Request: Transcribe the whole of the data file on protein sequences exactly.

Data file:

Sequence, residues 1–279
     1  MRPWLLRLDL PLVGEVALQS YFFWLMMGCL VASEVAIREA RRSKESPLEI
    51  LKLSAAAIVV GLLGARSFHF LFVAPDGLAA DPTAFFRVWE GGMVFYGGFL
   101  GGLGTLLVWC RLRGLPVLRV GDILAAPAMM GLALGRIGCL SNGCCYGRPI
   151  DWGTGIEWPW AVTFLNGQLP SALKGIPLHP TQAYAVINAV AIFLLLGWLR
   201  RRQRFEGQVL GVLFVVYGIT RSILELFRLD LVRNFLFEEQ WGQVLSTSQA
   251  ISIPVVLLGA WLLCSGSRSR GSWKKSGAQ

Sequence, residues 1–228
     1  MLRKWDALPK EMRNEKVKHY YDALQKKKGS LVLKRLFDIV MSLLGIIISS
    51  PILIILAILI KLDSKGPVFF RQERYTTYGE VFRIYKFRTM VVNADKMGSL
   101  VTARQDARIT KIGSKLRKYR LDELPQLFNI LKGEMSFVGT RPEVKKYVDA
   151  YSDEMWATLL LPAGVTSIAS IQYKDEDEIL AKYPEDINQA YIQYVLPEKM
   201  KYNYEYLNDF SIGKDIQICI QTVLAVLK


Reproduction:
Sequence, residues 1–279
     1  MRPWLLRLDL PLVGEVALQS YFFWLMMGCL VASEVAIREA RRSKESPLEI
    51  LKLSAAAIVV GLLGARSFHF LFVAPDGLAA DPTAFFRVWE GGMVFYGGFL
   101  GGLGTLLVWC RLRGLPVLRV GDILAAPAMM GLALGRIGCL SNGCCYGRPI
   151  DWGTGIEWPW AVTFLNGQLP SALKGIPLHP TQAYAVINAV AIFLLLGWLR
   201  RRQRFEGQVL GVLFVVYGIT RSILELFRLD LVRNFLFEEQ WGQVLSTSQA
   251  ISIPVVLLGA WLLCSGSRSR GSWKKSGAQ

Sequence, residues 1–228
     1  MLRKWDALPK EMRNEKVKHY YDALQKKKGS LVLKRLFDIV MSLLGIIISS
    51  PILIILAILI KLDSKGPVFF RQERYTTYGE VFRIYKFRTM VVNADKMGSL
   101  VTARQDARIT KIGSKLRKYR LDELPQLFNI LKGEMSFVGT RPEVKKYVDA
   151  YSDEMWATLL LPAGVTSIAS IQYKDEDEIL AKYPEDINQA YIQYVLPEKM
   201  KYNYEYLNDF SIGKDIQICI QTVLAVLK